Most festivals are still hybrid affairs, but the balance is shifting toward getting people back in theaters. Mona Fastvold’s The World to Come, with Katherine Waterston and Vanessa Kirby, will open the second phase of Rotterdam’s fiftieth edition on June 2, presented first online and then in theaters around the city. In all, 139 films, including revivals of Jane Campion’s Sweetie (1989) and Jim Jarmusch’s Night on Earth (1991), will screen through June 9.
- The new issue of Cineaste is out, accompanied by a handful of online exclusives. In print, Michael Sandlin reviews Glenn Frankel’s new book on the making of Midnight Cowboy (1969), and online, Michał Oleszczyk and Alex Ramon discuss John Schlesinger’s follow-up to that film, Sunday Bloody Sunday (1971). If the former—“essentially a gay-tinted buddy movie exploiting the gorgeous squalor of late-1960s Times Square,” as Oleszczyk puts it—hadn’t won three Oscars, the latter might never have been made. “Sunday Bloody Sunday was the film that not only helped shape my notion of what a gay life may have in store for me—more profoundly, it also formed my idea of adulthood itself, as a state of constant flux, imperfect decisions, and pursuit of elusive satisfaction,” says Oleszczyk. Also online: Robert Koehler on Adam Curtis and Michael Sicinski on Kevin Jerome Everson.
- This evening at Meanwood Valley Urban Farm, on the outer edge of the English city of Leeds, Pavilion will present outdoor screenings of two films by Nathanial Dorsky and another by his partner, Jerome Hiler, all three of them silent and shot on 16 mm. Will Rose talks with the filmmakers about the relationships between their work and poetry, music, memory, and the changing of the seasons. “Every screening is a law unto itself,” says Hiler. “No two are alike—even when there’s an immediate repeat screening. When I send my films out to be rented, they’re like children old enough to be on their own. I wish them luck. That’s about all I can do.”
- Another Screen is currently presenting two outstanding, freely accessible online programs, For a Free Palestine: Films by Palestinian Women and Marguerite Duras on Television. The first half of the Duras program is made up of six interviews the writer and filmmaker conducted in the mid-1960s for Dim Dam Dom, a television magazine broadcast in France once a month on Sundays. Agnès Varda and Claude Lanzmann were regular contributors, and presenters included Françoise Hardy, Geraldine Chaplin, and Romy Schneider. As an interviewer, Duras was a “master of raconteurial abstraction, sometimes even recalling a French John Wilson,” writes Mackenzie Lukenbill at Screen Slate. “While her questions are often cryptic and open-ended (‘What are your thoughts on monkeys?’), they are almost always imbued with the revolutionary zeal of her early journalistic writing in Le 14 juillet and the France Observateur.”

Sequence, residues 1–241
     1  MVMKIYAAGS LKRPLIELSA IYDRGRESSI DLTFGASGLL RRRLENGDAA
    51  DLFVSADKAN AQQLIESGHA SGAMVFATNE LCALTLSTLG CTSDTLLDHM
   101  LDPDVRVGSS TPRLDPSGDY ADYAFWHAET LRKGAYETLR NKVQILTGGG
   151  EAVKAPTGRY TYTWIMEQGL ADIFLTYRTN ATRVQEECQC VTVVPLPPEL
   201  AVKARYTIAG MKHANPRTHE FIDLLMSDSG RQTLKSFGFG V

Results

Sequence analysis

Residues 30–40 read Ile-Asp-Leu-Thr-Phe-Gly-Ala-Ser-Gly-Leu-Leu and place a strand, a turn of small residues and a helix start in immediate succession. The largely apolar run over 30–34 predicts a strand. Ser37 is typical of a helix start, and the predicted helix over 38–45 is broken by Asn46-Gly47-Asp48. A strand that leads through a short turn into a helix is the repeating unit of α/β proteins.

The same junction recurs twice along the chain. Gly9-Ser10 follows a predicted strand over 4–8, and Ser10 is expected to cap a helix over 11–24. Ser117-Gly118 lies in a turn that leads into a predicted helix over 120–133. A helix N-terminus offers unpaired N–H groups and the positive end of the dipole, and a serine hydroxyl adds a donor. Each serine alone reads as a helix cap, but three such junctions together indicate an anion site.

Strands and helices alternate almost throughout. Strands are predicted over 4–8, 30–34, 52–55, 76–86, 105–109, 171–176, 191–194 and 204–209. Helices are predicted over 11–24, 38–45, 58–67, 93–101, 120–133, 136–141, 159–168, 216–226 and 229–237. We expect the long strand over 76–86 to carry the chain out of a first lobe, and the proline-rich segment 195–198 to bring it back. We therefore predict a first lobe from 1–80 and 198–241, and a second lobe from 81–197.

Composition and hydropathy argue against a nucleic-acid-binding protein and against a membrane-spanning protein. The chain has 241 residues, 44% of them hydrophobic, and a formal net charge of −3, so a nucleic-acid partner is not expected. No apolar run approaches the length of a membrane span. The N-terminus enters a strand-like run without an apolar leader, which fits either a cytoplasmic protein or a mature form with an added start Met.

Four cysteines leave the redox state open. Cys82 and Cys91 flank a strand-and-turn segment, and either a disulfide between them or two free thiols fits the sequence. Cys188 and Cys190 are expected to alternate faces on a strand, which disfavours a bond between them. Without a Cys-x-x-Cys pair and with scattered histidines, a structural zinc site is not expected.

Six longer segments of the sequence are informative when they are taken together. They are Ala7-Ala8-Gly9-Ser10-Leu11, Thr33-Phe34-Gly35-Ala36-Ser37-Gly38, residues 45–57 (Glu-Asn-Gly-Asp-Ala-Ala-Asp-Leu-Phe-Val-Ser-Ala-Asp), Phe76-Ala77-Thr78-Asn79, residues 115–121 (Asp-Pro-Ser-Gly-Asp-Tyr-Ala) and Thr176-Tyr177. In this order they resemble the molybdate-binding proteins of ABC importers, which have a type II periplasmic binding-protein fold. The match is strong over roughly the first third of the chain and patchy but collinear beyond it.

- French philosopher Gaston Bachelard “really blew my mind,” Agnès Varda once said in an interview not long after making her first film in California, Uncle Yanco, a portrait of the artist Jean “Yanco” Varda, who was in fact her second cousin. In the new issue of Camera Obscura devoted entirely to Varda, Homay King asks, “What kind of creative imagination has its source not in the divine, in the human mind, in abstract structures like language, in the unconscious, or, finally, as one might expect, in a phenomenological or vitalist account, but solely in the physical and vital properties of matter? I hope to begin to answer this question in a provisional way in this article, through analysis of Varda’s film, an account of Jean Varda’s life and artistic oeuvre, and commentary on Bachelard’s writings on the image.”
- Brandon Cronenberg, son of David, is setting up a limited series adaptation of J. G. Ballard’s 2000 novel Super-Cannes, and as it happens, Monday marked the twenty-fifth anniversary of the premiere of his father’s controversial Ballard adaptation, Crash—in Cannes, where it won hearty boos and a special prize from the jury. Writing for the Ringer, Adam Nayman finds it “worth asking exactly why Crash raised so many hackles to such a skyscraping degree in 1996 . . . In the neo-Puritan context of MonicaGate, the only thing scarier to cultural gatekeepers than a movie that was too sexy was a movie filled with sex that wasn’t conventionally or marketably sexy at all.” At one point, a character “trawls through a floodlit accident scene snapping photographs,” and the sequence becomes “allegory, autocritique, and accusation all rolled into one: Like all genuinely provocative artists, Cronenberg knows how to turn his audience into rubberneckers.”